What you must know as an investor about the TCS buyback?

: While the finer details of the buyback are being worked out and the postal ballot is yet to be conducted, there are some basic questions that investors have about the buyback of shares. Should they participate in the buyback and what are the tax implications?

Oct 09, 2020 07:10 IST India Infoline News Service

When TCS announced its financial results for the Sep-20 quarter, it also announced a buyback worth Rs16,000cr. The buyback was public knowledge because TCS had already filed its intent for buyback at its board meet on 07 October. While the finer details of the buyback are being worked out and the postal ballot is yet to be conducted, there are some basic questions that investors have about the buyback of shares. Should they participate in the buyback and what are the tax implications?

What is the buyback announcement about?

There seems to be a familiar ring to the Rs16,000cr buyback amount. The previous two buybacks that TCS did in 2017 and 2018 were also worth Rs16,000cr. Here are the basic details of the latest TCS buyback offer.
Details Amount
Total Number of shares to be bought back by TCS (A) 5,33,33,333 shares
Total Paid up capital of TCS 375,23,84,706 shares
Percentage of shares being bought back 1.42%
Closing Price of TCS on 06 October Rs2,714
Buy back price proposed by TCS on 07 October (B) Rs3,000
Premium to last closing price 10.54%
Value of the Buyback Offer (A x B) Rs16,000cr
 Data Source: Company Filings / NSE

As of March-20, TCS has Rs35,000cr in cash and short term investments so funding the buyback should hardly be an issue. The big question is what happens to the capital structure after the buyback and will the promoter holding remain the same?

Will the promoter holdings change post buyback?

That will largely depend on whether the main shareholder, Tata Sons, participates in the buyback or not. If Tata Sons participates in the buyback in the same proportion then the impact on the post-buyback holding structure will be nil. However, the promoter stake in the company could go up if they choose to skip participating in the buyback issue.
Particulars Amount
Promoter holding in TCS (A) 270,35,42,000 shares
Total shares outstanding (B) 375,23,84,706 shares
Promoter stake prior to buyback (A/B) 72.048%
Number of shares to be extinguished by buyback (D) 5,33,33,333
Total shares outstanding after buyback (B – D) 369,90,51,373
Stake of Tata Sons in TCS post buyback (#) 73.087%
Data Source: Company Filings
(#) – Applicable if Tata Sons does not participate in the buyback.

If Tata Sons does not participate in the buyback then its stake in TCS will increase by 104 bps to 73.087%. This looks a likely scenario considering the imminent exit of Pallonji Mistry family from the Tata Sons board. Of course, Tata Sons may also choose to participate in the buyback; either fully or in part.

Tax implications of the buyback under new rules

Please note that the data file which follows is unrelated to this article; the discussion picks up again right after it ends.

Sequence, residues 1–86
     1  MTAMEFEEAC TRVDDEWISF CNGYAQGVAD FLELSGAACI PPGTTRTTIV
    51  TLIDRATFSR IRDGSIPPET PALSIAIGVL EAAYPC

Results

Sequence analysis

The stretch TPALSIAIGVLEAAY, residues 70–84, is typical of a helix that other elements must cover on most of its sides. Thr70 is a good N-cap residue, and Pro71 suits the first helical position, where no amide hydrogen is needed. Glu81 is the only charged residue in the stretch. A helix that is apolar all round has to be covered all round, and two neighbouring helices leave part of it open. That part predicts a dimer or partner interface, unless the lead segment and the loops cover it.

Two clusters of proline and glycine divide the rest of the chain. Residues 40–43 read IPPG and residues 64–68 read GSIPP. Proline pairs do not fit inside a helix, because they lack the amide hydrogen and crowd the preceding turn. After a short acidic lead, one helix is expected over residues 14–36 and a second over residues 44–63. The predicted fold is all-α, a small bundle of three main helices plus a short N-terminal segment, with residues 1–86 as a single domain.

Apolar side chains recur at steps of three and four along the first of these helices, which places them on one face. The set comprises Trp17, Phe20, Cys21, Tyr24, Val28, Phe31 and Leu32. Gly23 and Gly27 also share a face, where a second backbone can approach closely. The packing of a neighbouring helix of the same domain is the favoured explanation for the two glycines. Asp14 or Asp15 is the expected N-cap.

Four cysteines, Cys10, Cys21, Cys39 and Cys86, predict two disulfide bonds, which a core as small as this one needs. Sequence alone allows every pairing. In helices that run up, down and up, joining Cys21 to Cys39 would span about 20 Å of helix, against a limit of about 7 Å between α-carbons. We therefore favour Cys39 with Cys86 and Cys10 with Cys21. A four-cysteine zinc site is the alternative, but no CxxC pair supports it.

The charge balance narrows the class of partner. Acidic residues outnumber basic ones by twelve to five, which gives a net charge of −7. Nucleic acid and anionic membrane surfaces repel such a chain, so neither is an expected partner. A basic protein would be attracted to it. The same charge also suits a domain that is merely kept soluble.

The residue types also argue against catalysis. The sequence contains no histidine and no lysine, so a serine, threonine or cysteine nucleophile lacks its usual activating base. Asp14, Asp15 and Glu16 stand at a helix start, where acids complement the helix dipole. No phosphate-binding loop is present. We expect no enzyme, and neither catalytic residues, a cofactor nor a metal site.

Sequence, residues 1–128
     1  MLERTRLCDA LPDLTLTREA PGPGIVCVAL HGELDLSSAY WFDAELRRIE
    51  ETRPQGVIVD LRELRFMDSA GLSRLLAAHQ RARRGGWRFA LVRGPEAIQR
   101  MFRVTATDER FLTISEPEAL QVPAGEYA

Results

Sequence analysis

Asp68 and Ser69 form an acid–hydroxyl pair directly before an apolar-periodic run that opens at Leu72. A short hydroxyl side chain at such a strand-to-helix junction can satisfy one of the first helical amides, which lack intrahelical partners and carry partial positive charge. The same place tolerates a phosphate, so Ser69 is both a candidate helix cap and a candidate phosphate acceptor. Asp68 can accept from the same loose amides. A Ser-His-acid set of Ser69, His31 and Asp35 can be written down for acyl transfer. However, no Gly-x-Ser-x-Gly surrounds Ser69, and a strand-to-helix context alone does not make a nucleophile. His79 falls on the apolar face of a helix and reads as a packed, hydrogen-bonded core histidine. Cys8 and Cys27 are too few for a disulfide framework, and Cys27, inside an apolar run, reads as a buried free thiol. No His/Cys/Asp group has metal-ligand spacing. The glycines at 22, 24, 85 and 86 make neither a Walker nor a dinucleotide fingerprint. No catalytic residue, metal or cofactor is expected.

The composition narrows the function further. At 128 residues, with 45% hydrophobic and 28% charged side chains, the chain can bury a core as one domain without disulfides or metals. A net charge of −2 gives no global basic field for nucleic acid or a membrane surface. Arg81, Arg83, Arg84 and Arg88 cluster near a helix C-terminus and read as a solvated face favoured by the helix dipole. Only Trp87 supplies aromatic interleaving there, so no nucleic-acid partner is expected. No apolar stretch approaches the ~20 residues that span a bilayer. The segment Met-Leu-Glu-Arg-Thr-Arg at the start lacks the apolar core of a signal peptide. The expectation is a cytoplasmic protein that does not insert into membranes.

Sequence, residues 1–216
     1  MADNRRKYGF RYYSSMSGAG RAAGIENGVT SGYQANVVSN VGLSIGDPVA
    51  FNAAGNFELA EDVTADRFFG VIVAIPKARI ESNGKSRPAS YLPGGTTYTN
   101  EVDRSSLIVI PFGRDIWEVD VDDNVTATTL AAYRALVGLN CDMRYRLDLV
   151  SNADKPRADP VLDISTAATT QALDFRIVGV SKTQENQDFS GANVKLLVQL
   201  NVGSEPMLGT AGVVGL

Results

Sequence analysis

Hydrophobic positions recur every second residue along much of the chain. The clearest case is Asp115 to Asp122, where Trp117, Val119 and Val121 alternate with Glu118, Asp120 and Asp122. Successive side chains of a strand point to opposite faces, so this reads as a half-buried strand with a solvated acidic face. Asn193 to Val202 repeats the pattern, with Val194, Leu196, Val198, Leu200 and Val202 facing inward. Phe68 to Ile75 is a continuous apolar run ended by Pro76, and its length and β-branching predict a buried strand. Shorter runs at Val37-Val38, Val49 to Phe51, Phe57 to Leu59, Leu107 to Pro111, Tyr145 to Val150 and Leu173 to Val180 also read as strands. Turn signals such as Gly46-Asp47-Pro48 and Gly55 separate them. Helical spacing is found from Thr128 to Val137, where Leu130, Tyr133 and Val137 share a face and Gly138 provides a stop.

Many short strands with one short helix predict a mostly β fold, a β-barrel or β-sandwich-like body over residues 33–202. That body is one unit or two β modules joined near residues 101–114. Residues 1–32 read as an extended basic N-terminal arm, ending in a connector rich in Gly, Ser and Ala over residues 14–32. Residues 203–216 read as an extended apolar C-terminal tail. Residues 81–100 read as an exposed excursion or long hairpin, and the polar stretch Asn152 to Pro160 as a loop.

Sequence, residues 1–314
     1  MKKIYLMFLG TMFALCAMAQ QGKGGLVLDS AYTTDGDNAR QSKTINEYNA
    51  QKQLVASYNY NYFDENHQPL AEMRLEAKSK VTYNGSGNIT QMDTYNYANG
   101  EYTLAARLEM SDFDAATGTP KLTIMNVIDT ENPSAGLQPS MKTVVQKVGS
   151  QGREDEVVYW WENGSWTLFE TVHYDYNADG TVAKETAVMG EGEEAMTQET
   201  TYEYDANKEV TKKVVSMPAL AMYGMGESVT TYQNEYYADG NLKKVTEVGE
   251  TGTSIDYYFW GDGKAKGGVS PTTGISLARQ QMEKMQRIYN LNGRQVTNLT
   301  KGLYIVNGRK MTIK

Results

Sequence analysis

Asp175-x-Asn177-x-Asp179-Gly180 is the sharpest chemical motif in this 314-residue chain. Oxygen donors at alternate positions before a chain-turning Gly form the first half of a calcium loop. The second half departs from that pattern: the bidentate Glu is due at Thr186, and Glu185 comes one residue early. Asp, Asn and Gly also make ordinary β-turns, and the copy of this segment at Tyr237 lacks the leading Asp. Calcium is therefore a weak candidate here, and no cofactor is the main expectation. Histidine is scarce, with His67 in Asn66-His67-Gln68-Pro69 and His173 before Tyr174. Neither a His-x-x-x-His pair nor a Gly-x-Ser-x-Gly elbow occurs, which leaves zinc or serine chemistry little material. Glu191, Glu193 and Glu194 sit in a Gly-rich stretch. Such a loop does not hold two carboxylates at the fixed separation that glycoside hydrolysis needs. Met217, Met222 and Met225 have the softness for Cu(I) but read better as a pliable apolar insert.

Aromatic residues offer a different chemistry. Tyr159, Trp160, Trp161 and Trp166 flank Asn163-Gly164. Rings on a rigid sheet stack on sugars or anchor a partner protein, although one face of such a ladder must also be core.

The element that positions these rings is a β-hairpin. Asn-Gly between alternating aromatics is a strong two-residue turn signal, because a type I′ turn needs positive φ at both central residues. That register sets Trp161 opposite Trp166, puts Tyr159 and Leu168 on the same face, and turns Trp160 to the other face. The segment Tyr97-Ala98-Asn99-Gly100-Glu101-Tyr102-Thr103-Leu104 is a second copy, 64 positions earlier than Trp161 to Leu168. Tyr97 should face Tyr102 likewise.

Budget 2019 saw important changes to the buyback tax rules and Budget 2020 saw significant changes to the taxation of dividends. Both these announcements have a significant impact on the attractiveness of buybacks in tax terms. Prior to July 2019, buyback was treated as capital gain and taxed in the hands of the investor. However, post July 2019, buyback will be taxed on the company as a distribution. The catch, however, is that this 20% tax on buyback is payable on the difference between the issue price and the buyback price.

Budget 2020 scrapped the concept of Dividend Distribution Tax (DDT) and made dividends taxable in the hands of investors at the peak rate. That means; promoters and super-rich investors would find it more tax efficient to use the buyback route than the dividend route. That explains the interest in buybacks this year.
Particulars Dividends Paid Buyback done
Distribution of income Rs.100 Rs.100
Tax Rate (income above Rs.5 crore) 30% 20%
Surcharge 37% 12%
Cess Levied 4% 4%
Effective Tax Rate 42.74% 23.30%
Post Tax retention Rs.57.26 Rs.76.70

Clearly, the buyback is a lot more tax efficient in the above case, especially if you are in the higher income super-rich category. However, that need not be the case for small investors

Small investors must adopt a different perspective

One of the problems of the buyback taxation model is that the tax impact is on all shareholders whereas the dividend taxation model is based on income. There is also another significant issue. For example, if you had bought TCS over a year ago at Rs2100, your capital gains will be Rs900 (3000-2100) on which you pay 10% LTCG tax. Now if there is a buyback at Rs3000, the company will pay tax on the difference with the original price.

TCS IPO in 2004 was at a price of Rs850. Subsequently, it issued bonuses in the ratio of 1:1 in the years 2006, 2009 and 2018. That makes the effective issue price Rs106.25. In the buyback, the company will end up paying 23.30% buyback tax on Rs2893.75 (3000-106.25). In this case, since he bought the shares at Rs2100, he would be better off selling the shares in the market and paying LTCG tax on Rs900. Remember, even though the buyback tax is paid by the company, it eventually reduces your distributable surplus.

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